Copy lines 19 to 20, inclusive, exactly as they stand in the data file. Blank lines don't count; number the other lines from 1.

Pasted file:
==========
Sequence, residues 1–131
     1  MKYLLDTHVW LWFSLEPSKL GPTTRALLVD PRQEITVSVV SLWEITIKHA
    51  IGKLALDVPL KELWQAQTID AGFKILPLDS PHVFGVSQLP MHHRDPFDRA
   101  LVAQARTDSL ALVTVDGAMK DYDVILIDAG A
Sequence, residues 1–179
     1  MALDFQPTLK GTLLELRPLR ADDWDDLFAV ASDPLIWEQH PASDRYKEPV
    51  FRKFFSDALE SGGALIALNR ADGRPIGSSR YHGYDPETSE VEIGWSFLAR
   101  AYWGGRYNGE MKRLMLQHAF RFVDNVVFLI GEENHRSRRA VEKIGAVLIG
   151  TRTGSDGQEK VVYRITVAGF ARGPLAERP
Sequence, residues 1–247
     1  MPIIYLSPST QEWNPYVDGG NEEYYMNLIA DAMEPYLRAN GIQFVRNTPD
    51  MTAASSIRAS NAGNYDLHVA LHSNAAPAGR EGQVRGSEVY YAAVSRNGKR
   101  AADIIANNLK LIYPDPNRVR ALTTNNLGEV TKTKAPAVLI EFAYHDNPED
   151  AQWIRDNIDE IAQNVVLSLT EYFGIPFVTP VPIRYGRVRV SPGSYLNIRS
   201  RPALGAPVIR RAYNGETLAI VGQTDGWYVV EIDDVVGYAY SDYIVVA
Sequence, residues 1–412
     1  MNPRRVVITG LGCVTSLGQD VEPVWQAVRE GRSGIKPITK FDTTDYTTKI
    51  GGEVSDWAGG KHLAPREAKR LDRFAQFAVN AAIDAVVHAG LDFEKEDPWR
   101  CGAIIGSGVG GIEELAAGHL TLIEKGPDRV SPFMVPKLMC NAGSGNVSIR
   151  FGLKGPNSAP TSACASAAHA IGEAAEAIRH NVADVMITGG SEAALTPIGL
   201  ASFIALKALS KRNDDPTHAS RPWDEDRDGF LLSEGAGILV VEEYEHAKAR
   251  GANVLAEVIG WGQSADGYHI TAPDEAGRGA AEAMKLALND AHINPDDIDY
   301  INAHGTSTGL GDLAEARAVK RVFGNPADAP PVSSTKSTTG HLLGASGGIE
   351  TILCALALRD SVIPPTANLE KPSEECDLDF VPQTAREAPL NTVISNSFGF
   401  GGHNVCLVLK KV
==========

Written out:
   101  CGAIIGSGVG GIEELAAGHL TLIEKGPDRV SPFMVPKLMC NAGSGNVSIR
   151  FGLKGPNSAP TSACASAAHA IGEAAEAIRH NVADVMITGG SEAALTPIGL